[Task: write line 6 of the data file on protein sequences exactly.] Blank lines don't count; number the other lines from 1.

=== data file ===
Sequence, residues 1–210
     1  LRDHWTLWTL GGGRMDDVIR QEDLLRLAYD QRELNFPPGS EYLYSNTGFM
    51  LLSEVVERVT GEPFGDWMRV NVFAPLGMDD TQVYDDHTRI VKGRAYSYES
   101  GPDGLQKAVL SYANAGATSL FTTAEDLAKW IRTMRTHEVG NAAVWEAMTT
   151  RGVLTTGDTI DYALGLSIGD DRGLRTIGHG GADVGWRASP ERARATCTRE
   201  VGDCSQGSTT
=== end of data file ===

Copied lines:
   201  VGDCSQGSTT